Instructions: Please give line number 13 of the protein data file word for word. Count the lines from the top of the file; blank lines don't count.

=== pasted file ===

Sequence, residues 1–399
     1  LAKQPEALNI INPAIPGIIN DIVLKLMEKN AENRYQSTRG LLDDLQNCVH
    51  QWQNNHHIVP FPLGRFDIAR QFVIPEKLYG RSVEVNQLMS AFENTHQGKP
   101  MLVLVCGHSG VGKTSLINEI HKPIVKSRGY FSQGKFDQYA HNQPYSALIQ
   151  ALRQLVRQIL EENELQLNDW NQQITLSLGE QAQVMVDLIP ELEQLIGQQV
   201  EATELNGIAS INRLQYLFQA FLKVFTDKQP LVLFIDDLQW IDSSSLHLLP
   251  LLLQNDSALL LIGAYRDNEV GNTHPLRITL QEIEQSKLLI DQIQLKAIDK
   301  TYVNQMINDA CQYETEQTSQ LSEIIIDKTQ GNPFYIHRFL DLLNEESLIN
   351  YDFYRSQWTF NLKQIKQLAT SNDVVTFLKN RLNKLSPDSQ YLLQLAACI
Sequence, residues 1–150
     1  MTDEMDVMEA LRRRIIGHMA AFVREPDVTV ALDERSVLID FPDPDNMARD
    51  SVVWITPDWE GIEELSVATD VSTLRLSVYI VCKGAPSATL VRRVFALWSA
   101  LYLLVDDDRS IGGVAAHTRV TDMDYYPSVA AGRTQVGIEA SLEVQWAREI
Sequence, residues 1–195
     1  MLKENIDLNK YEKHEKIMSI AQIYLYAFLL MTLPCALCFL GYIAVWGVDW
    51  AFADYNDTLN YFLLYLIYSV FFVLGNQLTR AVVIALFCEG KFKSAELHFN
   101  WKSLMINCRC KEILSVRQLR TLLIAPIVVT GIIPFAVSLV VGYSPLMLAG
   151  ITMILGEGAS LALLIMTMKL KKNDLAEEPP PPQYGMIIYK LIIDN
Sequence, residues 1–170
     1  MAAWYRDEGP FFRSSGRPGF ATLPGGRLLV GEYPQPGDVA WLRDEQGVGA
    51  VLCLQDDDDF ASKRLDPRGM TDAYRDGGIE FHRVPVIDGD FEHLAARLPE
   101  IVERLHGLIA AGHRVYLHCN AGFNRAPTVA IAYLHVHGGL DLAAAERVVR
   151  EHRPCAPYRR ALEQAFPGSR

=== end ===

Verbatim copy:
   101  LYLLVDDDRS IGGVAAHTRV TDMDYYPSVA AGRTQVGIEA SLEVQWAREI